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Acquired pincer nail deformity associated with end stage renal disease secondary to diabetes

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Acquired pincer nail deformity associated with end stage renal disease secondary to diabetes
C Ryan Kirkland MD1, Pranav Sheth MD2
Dermatology Online Journal 15 (4): 17

1. Dermatology Resident
2. Professor
Department of Dermatology, University Hospital Cincinnati, Cincinnati, Ohio.


Pincer nail deformity has been described in association with several diseases and medications, but the mechanism of its development remains unknown. We report a woman with a rapid and severe decline in renal function that coincided with the development of pincer nails.


Pincer Nail deformity (also referred to as omega nail deformity or trumpet nail deformity) is a relatively rare condition in which there is a transverse over-curvature of the nail plate. Pincer nail deformity may either be inherited or acquired. Etiology, pathogenesis, and mechanism of inheritance are unknown [1]. Acquired pincer nail deformity has been reported to occur in association with medications, secondary to psoriasis, onychomycosis, tumors of the nail apparatus, as well as due to underlying systemic disease such as systemic lupus erythematosus, Kawasaki disease and malignancy [2-7]. This condition has not yet been reported with the onset of end stage renal disease. We present a case of acquired pincer nail deformity involving all twenty nails associated with declining renal function and the onset of end stage renal disease secondary to diabetes.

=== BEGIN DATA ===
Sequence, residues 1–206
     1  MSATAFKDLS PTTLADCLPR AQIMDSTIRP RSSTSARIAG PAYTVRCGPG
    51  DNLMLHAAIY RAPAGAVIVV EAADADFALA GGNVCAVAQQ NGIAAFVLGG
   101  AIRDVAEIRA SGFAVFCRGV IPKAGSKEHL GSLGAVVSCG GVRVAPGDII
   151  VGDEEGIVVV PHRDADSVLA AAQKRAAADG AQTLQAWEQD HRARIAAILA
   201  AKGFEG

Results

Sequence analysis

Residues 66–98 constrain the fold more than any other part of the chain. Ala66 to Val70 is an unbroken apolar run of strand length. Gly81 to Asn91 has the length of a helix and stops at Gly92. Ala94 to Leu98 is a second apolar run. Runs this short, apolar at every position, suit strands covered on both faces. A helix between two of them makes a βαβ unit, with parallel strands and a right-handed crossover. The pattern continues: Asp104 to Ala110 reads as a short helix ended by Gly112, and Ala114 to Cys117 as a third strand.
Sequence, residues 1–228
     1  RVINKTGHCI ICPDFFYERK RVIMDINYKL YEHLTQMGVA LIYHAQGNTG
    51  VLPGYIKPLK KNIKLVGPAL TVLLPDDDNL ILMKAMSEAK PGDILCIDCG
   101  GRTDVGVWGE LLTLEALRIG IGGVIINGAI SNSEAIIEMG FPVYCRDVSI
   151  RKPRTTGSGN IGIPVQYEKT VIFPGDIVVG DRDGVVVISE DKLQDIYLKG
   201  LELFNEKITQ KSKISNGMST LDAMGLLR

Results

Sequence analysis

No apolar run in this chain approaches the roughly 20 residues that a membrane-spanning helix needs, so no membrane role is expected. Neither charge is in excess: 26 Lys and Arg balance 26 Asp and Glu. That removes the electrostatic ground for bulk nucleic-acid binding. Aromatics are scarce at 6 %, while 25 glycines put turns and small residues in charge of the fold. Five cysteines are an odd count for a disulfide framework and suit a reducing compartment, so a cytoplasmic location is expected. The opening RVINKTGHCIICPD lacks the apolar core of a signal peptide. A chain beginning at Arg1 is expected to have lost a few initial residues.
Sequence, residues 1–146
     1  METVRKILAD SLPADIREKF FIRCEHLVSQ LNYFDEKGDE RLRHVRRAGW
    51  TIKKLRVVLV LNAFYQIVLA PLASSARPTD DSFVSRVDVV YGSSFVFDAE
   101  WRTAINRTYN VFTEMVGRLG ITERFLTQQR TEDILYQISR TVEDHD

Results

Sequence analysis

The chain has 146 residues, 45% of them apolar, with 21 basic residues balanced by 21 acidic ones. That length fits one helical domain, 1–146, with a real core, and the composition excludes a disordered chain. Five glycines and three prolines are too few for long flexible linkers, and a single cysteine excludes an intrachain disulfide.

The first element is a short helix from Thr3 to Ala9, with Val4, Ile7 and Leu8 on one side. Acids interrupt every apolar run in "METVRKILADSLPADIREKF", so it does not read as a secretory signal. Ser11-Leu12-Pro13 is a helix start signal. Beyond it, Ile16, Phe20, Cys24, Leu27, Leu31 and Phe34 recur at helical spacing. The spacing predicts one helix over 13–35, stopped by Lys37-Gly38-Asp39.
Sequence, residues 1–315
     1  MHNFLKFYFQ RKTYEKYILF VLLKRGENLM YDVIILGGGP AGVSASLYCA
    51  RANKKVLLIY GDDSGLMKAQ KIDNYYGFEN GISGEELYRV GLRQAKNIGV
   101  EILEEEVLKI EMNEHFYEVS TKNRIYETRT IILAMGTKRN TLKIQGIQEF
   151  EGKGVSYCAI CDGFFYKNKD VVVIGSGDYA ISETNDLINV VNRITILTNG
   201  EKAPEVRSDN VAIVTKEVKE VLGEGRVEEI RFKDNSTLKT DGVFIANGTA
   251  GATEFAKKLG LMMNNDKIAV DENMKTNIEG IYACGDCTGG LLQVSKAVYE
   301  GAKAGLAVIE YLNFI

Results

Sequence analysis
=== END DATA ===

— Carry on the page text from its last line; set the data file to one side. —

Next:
Report of a Case

A 55-year-old woman presented with a two-year history of progressive nail deformity involving all 20 nails. She was concerned with the appearance of her nails (she was a former hand model) and the associated subungual pain and tenderness. Her past medical history was significant for chronic renal insufficiency secondary to insulin dependent type II diabetes, coronary artery disease, hyperlipidemia, and hypertension. She was on multiple stable medications including furosemide, gemfibrozil, clopidogrel, metoprolol, isosorbide, losartan, humilin, and clonidine.

The patient initially noted the nail changes coincidental with the timing of a dramatic reduction in renal function prior to her presentation to us. Before the onset of her pincer nail deformity, the patient's glomerular filtration rate was 41 ml/min/1.73 m² consistent with stage III renal disease (correlates to moderately reduced kidney function and a filtration rate of 30-59 ml/min/1.73 m²). During the time of development of her nail deformities, her glomerular filtration rate progressed from stage III renal disease to stage V renal disease (kidney failure less than 15 ml/min/1.73 m²) and she was awaiting peritoneal dialysis. During the same time, there was no decline in her cardiac function and her diabetes remained moderately well controlled with hemoglobin A1c levels ranging from 6.5 to 8.2 over these two years.

Figure 1Figure 2